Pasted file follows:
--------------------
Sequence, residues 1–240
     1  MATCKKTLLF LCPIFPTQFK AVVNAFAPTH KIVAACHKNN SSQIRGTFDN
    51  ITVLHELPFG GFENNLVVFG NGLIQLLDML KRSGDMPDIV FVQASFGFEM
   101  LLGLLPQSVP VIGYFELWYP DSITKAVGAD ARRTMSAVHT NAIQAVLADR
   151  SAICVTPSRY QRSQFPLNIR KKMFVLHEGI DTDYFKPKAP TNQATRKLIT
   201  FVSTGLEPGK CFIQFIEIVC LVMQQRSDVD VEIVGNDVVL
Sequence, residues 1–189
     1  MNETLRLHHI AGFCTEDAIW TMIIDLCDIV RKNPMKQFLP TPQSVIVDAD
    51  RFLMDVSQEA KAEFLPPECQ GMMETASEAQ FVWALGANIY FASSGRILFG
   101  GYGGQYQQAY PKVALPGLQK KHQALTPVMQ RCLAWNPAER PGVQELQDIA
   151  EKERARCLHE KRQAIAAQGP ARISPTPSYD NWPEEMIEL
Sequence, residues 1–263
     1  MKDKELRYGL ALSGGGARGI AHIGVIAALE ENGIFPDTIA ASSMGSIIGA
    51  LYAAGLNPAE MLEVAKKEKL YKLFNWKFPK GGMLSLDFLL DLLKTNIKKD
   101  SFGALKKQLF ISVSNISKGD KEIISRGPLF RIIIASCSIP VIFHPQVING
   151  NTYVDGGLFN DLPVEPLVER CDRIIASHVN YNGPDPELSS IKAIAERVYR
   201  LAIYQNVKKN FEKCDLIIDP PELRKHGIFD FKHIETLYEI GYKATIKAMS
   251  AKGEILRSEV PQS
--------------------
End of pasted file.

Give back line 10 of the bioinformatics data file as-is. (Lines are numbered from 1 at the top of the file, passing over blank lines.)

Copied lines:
   101  GYGGQYQQAY PKVALPGLQK KHQALTPVMQ RCLAWNPAER PGVQELQDIA